Euro fell further today despite positive data amid fears that the Fed’s hawkish path will continue for a long time
Euro fell against the US Dollar (EUR/USD) by 0.63% today and reaches its lowest level in more than a month at 1.08740. Against the British pound, the Euro (EUR/GBP) rose by 0.13% after reaching its highest levels this week at 0.86204 early this morning.
The euro’s movements came despite the rise in inflation, the confidence of institutional investors in the German economy, and the return of hawkish tone from the monetary policy officials in the region. However, this was offset by concerns about the Federal Reserve maintaining high interest rates for a longer period than expected.
A member of the European Central Bank’s (ECB) Board of Governors, Joachim Nagel, stressed that it is too early to talk about cutting interest rates.
The statements of the members of the ECB came on the same day that we witnessed the return of inflation to accelerate again in Germany, which also came after inflation numbers that witnessed a higher-than-expected acceleration in the United States last December.
While inflation figures and the escalation of military actions in the Red Sea appear to have contributed to reshaping market expectations of the interest rate path on the both sides of the Atlantic.
This, in turn, was reflected in further rises in Treasury bond yields since last Friday and restored some strength to the US dollar.
As for today’s data, we witnessed a stronger than expected reading of the ZEW Economic Sentiment Index in Germany for January, which came at the highest level since last February, at 15.2 points.
This figure represents the third positive monthly reading in a row, after a 6-month period of negative sentiment. While the Current Conditions Index continued to decline slightly to -77.3.
This positive sentiment comes from the optimism about the ECB cutting interest rates during the first half of this year, which was assumed by more than half of respondents in the latest survey, according to the president of the ZEW, Achim Wambach.
He also pointed out that the rise in inflation last December had no impact on the monetary policy expectations of survey participants either.
On the other hand, at the Eurozone level, sentiment declined slightly in January to 22.7, down from 23 points last month, in light of developments in the Eurozone. However, the Current Conditions Index has witnessed a decline in its negativity to 59.3.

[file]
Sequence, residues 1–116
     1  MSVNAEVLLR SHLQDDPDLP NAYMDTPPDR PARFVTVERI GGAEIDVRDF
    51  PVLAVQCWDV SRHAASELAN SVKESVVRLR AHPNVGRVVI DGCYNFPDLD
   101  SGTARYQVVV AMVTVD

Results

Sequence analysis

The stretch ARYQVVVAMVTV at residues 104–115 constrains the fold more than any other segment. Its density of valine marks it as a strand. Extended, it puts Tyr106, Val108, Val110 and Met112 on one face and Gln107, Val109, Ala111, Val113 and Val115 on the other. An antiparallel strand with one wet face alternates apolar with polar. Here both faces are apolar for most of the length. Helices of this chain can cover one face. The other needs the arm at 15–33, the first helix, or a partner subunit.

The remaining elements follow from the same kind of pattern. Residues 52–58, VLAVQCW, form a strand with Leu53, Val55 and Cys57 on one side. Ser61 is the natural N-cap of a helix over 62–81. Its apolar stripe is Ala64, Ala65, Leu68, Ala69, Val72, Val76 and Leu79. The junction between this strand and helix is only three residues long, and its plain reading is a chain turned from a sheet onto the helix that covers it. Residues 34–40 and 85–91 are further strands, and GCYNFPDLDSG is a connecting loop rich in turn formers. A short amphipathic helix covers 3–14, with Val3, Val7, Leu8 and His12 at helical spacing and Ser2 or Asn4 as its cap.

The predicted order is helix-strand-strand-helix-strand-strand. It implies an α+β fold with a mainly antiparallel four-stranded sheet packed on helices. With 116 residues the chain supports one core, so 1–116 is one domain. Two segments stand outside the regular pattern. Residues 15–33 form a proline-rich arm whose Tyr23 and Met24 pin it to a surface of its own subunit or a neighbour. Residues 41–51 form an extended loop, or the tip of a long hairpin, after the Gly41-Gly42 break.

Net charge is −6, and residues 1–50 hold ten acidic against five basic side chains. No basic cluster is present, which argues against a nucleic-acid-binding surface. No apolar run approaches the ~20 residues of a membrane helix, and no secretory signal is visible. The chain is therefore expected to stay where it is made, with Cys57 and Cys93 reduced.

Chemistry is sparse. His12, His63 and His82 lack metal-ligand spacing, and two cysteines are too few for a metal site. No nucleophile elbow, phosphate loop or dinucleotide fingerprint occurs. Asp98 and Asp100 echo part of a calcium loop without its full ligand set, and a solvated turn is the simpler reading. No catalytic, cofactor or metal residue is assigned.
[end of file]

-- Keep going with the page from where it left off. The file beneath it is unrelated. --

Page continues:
Also today, we witnessed the final Consumer Price Index (CPI) reading for December in Germany as well, and thus we have obtained a series of inflation figures for the year 2023. As expected, inflation rose to 3.7% last month on an annual basis, and this was a reversal of the decline in November to 3.2%. On a monthly basis, inflation rose for the first time since last September, by 0.1%.
As for the entire year 2023, inflation rose by 5.9% on an annual basis compared to the year 2022, which in turn recorded the highest record levels.
While the head of the Federal Statistical Office (Destatis), Ruth Brand, attributed this rise in inflation to a series of crises and wars that affected all stages of the economic process.
The biggest driver of the rise in inflation was the continued rise in food prices in almost all its types during the past year, by 12.4% compared to the year 2022, in which prices also recorded a growth of 13.4%.
Energy prices continued to rise over the past year as a whole, by 5.3% compared to the previous year. While Brand indicated that the relief measures contributed to pushing energy prices to relative calm during the past year after a huge increase of about 30% in the year 2022.
This decline was specific to energy products provided to the consumer, with a decrease of 22.2% and 5.8%. % for both heating oil and motor fuel. In contrast, natural gas and electricity prices rose by 14.7% and 12.7%, respectively, each.
As for core inflation, which excludes volatile food and energy items, it grew by 5.1% in 2023 on an annual basis after it was 3.8% in 2022. Aside from food and energy as well, good prices rose by 7.3% in 2023 in addition to an increase of 4.8% for durable goods.
At the time, inflation was below the general average for service prices, at a rate of 4.4%. While rental and transportation prices grew by 2% and 2.5%, respectively.
In UK, the pound came under more pressure against the euro today with the labor market data. Growth in Average Earning Index + Bonus declined to 6.5% last November on an annual basis, which represents the slowest pace of growth since last April. While the unemployment rate remained the same at 4.2% in November as well.
In bond markets, despite a positive start, Eurozone bond yields fell, putting further pressure on the single currency. The yield on ten-year German Bunds fell to 2.184% at approximately 8:00 am.
While US Treasury bond yields witnessed a similar decline at the same time, they were able to consolidate and return to a slight rise again.
As for British gilt yields, they recorded the lowest levels this week, along with a number of labor market figures issued there as well, which also contributed to supporting the euro against the pound.